I am already on record as stating that any move to introduce social or affordability tariffs in the energy sector would be extremely complex and unlikely to solve the hardships caused by fuel poverty, not least because such tariffs have to be paid for by other customers. There is an immediate potential impact on wider economic competitiveness and employment, potential impacts on competition in the energy market and additional burdens on households, some of which could be pushed into fuel poverty themselves as a result of having to subsidise others.
In 2010, the regulator’s office carried out a consultation, ‘Assisting with Affordability Concerns for Vulnerable Energy Consumers’. Feedback indicated that, although there was broad agreement that affordability assistance should address affordable warmth and not just help with electricity bills, there was no consensus on who should receive assistance, what mechanism could be used to identify and assist them and how much any assistance should amount to. That in itself sends us a message.
Go raibh maith agat, a Cheann Comhairle. I welcome the Minister’s comprehensive response. We have just come out of another cold snap, and I welcome the winter fuel payment and, indeed, the extension of the fuel payment being paid to cancer patients. The Executive have accepted that there is a need to provide that. Are there other ways to help low-income families and the most vulnerable? On the one hand, the Executive provide assistance through winter fuel payments, and, on the other hand, we cannot tackle the issue of the increase in electricity prices.
I accept what the Member says: there continue to be issues, particularly with fuel poverty. It is difficult to achieve what she wants to achieve through a social tariff. There needs to be a conversation about how we can help those families. As the Member will know, I am bound to say that it is a matter for the Department for Social Development, and it is leading on all those issues for the Executive. That does not mean that we do not work across Departments, and, indeed, I have been working with Nelson McCausland, on energy efficiency in particular, to find ways in which that can make a difference to bills that are going out to low-income and vulnerable families.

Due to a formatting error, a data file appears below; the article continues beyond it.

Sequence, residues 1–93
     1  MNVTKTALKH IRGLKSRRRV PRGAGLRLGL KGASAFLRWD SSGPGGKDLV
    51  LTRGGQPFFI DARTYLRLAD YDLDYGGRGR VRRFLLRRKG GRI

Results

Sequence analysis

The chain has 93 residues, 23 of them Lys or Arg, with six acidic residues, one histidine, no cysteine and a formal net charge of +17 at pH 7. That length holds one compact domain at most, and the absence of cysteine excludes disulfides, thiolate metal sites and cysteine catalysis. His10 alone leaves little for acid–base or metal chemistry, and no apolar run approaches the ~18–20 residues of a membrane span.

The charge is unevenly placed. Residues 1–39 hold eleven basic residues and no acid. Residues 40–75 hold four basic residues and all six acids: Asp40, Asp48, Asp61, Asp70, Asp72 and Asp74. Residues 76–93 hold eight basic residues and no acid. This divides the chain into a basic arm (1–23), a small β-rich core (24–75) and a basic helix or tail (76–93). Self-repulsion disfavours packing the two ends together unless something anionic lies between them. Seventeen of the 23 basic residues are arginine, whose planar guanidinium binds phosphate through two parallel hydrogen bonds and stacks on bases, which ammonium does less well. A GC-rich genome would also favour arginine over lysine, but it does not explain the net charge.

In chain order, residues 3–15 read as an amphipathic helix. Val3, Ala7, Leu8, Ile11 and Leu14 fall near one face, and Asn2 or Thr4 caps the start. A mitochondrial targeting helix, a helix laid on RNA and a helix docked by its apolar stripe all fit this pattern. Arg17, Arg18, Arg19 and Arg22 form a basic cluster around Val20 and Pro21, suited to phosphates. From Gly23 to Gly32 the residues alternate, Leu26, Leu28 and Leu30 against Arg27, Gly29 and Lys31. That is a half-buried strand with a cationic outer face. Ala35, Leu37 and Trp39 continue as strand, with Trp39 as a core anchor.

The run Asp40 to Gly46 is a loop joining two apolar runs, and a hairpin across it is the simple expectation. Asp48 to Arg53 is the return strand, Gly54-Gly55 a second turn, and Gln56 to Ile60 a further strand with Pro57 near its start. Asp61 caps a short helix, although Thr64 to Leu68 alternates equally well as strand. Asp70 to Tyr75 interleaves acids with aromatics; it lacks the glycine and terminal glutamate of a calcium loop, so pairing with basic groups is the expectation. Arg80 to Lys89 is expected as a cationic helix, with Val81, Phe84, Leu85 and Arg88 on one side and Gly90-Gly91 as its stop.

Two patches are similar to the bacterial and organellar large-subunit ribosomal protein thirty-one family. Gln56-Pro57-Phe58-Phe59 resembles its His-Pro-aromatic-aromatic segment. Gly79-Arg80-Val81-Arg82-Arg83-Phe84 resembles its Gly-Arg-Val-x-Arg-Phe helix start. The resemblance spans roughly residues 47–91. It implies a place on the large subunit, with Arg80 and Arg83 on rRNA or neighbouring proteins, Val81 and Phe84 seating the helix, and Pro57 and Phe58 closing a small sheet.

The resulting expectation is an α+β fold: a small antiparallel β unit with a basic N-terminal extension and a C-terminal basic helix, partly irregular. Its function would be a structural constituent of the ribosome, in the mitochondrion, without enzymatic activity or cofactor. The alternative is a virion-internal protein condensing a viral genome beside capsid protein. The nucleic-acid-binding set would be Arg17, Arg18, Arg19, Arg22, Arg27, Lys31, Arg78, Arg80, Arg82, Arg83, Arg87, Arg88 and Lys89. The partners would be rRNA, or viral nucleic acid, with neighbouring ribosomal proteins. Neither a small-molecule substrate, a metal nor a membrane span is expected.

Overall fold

It is important to have our interconnector in place. As the Member probably realises, huge costs are passed on to consumers in Northern Ireland by dint of the fact that the interconnector is not up and running at present. As I understand it, the issue is to be addressed by the Planning Appeals Commission in the very near future, and we hope that there will be an outcome. It is not for me to talk about where the line should go or about any of the planning issues surrounding it. All I know as energy Minister is that we need that second interconnector, and we need it very soon.
Given that small businesses consistently identify electricity as their most widely used energy source and the Carbon Trust as the most widely recognised source of information on energy-saving advice for homes and businesses, what impact has the fact that the Carbon Trust no longer delivers Invest Northern Ireland’s sustainable energy programme?
As the Member is probably aware, a new programme was developed that not only covered electricity but gave advice on other areas with which businesses have difficulties, particularly in the area of water. That matter is still ongoing, and I am happy to update the Member when it is concluded.
I am pleased to say that the Member and I are both great supporters of SmartGridIreland. There are huge opportunities in respect of SmartGridIreland.
I have been down with the promoters on occasions to learn of their progress. The Member will know that they have to work with the Utility Regulator to ensure that they can progress. However, I urge all sides to be as creative and innovative in respect of SmartGridIreland as they can, because it can help not only with fuel poverty but with energy efficiency as well.